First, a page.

Author: Ron Graham
The background and outline of Paul’s letter to the Galatians. The lessons include verse by verse studies.
Prologue: Seven Lovely Things —In Paul’s letter to Galatians there are seven short passages that are well known and loved by every believer in Christ.
Background to Galatians —Various items of background information that help to establish our study of the letter.
Structure: Outline of Galatians —The letter falls into five sections between which are short plea passages.
Salutation, Doxology, Benediction —The importance of statements at the beginning and end of the letter.
Paul's Appeals to the Galatians —The five plea passages that separate the main sections of the letter.
Issue: You Are Not Under Law —About Paul's statement in Galatians 5:18, If you are led by the Spirit, you are not under law.
The Guiding Principle —More discussion of the subject of the previous lesson.
Setting the Record Straight —Main Section 1, (Galatians 1:10 to 2:21) where Paul answers misrepresentation and opposition by certain Jewish brethren who promote obedience to the law of Moses, and distinctions between Jew and Gentile.
Challenge to the Churches —Main Section 2, (Galatians 3:6 to 4:9) where Paul presents three powerful contrasts or choices between the gospel and the God’sto show how superior the gospel is, and how foolish it would be to go back to the law. Paul issues strong challenges the churches to choose the superior way.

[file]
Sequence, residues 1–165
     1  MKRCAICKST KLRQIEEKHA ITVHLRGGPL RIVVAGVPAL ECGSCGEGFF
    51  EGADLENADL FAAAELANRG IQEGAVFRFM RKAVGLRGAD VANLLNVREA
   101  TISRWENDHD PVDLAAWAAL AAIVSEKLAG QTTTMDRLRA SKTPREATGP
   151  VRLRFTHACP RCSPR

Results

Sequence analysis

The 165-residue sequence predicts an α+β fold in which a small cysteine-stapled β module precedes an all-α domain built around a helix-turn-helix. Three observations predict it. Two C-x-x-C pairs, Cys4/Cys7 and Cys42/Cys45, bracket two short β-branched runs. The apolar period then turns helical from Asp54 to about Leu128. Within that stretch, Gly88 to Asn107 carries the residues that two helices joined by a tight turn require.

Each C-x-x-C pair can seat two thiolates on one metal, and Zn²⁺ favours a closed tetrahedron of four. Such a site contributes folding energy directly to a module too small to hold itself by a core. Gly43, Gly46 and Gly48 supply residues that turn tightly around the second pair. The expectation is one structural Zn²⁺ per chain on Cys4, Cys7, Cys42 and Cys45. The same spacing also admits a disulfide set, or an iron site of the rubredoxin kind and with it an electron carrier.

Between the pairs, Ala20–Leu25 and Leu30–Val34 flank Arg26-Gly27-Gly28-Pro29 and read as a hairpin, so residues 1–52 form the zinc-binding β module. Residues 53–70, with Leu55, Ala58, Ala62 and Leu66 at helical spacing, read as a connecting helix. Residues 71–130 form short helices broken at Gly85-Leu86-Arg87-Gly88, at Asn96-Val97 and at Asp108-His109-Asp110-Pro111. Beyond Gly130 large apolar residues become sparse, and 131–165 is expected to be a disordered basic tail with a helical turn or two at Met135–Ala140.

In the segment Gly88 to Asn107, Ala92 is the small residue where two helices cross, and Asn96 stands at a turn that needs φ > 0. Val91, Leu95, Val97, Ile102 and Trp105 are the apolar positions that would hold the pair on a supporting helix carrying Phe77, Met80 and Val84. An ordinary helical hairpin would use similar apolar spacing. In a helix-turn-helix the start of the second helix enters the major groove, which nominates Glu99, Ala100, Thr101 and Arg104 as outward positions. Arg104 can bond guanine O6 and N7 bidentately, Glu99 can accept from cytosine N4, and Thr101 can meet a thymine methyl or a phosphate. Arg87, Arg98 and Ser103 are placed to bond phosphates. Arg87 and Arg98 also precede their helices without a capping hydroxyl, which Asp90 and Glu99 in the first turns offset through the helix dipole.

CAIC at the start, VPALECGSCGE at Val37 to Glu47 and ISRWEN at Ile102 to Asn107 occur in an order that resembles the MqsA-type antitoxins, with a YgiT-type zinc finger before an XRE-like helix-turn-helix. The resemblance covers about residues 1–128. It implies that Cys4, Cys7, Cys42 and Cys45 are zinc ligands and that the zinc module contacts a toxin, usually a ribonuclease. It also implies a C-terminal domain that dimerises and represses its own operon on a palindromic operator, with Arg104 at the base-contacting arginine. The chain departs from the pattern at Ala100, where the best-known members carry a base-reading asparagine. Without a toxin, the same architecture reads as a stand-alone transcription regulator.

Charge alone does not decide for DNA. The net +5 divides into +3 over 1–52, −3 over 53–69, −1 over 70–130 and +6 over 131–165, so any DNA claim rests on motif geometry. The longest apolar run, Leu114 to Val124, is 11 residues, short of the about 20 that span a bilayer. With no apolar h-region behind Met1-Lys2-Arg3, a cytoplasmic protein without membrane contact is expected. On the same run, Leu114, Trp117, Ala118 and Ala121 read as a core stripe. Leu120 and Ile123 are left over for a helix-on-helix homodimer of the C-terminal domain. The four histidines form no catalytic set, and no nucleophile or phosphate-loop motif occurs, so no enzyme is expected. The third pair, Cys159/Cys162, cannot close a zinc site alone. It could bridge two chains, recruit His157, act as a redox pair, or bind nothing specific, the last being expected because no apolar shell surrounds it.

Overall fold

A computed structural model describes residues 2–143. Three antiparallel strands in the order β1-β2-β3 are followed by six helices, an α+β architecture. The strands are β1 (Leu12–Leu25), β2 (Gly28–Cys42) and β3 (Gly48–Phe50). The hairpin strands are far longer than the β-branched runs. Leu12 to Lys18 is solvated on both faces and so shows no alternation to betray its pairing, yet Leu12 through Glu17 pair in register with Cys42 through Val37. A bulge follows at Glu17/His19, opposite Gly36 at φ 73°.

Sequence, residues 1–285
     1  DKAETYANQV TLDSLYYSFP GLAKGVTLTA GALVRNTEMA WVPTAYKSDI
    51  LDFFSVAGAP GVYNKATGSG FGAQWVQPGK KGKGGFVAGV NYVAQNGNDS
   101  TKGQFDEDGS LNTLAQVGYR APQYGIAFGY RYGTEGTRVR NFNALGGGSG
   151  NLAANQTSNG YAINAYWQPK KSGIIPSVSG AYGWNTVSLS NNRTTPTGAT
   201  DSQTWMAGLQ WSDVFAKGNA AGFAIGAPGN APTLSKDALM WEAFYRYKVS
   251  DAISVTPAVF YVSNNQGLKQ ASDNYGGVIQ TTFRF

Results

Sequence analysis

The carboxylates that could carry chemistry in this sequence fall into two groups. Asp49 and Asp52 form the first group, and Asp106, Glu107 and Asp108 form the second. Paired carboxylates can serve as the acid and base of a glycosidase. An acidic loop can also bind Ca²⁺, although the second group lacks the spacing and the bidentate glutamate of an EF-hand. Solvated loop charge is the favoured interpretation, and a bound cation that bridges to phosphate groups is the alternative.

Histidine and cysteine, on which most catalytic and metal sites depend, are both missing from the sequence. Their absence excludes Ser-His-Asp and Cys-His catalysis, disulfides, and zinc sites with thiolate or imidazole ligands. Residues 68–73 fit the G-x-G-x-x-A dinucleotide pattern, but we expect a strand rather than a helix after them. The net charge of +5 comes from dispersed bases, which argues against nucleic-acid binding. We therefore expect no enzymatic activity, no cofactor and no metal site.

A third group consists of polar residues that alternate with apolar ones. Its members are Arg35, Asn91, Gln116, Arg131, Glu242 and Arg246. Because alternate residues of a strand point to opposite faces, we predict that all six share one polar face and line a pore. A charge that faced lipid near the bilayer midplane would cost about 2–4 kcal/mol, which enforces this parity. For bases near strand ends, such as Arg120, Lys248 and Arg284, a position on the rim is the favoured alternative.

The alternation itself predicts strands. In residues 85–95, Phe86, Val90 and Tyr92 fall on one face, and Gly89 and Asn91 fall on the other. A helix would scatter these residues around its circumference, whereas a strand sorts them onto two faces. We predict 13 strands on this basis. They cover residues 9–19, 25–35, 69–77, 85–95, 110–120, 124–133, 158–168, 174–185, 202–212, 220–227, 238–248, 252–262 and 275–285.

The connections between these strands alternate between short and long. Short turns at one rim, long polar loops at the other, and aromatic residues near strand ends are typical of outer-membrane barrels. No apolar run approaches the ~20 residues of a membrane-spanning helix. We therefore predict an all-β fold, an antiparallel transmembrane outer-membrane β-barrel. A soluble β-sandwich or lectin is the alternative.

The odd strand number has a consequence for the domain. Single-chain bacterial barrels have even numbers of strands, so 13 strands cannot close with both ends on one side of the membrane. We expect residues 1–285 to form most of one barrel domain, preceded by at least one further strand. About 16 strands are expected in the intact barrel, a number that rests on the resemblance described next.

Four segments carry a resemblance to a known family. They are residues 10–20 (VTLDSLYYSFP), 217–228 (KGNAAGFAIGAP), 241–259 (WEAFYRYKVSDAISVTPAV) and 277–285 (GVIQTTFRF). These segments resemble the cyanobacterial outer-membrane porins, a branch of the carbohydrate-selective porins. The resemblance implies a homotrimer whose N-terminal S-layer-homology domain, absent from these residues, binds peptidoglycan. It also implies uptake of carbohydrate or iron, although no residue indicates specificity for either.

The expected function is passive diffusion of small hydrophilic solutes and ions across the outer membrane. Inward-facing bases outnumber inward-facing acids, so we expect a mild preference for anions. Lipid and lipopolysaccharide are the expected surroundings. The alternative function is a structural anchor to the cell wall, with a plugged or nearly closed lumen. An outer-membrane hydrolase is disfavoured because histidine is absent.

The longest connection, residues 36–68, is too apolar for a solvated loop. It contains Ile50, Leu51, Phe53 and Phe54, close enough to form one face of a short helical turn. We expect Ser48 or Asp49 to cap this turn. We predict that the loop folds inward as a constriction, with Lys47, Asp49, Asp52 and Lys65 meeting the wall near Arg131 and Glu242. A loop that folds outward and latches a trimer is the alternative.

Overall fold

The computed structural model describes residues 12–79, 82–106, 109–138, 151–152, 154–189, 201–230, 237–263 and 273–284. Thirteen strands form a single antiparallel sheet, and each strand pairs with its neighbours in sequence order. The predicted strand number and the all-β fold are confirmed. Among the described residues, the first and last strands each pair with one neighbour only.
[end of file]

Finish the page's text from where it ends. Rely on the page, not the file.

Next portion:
An Allegory Explained —Main Section 3, (Galatians 4:21-31) where Paul expounds the significance of events surrounding God's promise to Abraham to show that the law of Moses has been abolished. In this lesson Paul walks us through the allegorical meaning of the real-life story of Hagar and Sarah.
God Requires Good Works —Main Section 4, (Galatians 5:13 to 6:10) where Paul makes good works a part of faith. Although the Christian is free from the God’sthe Christian must keep the commandments of Christ. Paul shows that salvation depends upon this. He never taught that the works commanded by Jesus are non-essentials.